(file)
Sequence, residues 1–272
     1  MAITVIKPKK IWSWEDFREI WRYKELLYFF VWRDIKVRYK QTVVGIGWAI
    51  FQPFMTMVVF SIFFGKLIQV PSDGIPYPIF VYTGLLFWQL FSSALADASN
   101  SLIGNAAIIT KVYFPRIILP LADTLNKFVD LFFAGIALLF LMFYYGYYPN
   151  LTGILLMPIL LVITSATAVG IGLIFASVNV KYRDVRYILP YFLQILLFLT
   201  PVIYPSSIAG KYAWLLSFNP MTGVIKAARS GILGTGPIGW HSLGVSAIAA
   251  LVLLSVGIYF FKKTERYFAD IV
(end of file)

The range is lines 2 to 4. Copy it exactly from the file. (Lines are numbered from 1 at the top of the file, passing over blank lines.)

     1  MAITVIKPKK IWSWEDFREI WRYKELLYFF VWRDIKVRYK QTVVGIGWAI
    51  FQPFMTMVVF SIFFGKLIQV PSDGIPYPIF VYTGLLFWQL FSSALADASN
   101  SLIGNAAIIT KVYFPRIILP LADTLNKFVD LFFAGIALLF LMFYYGYYPN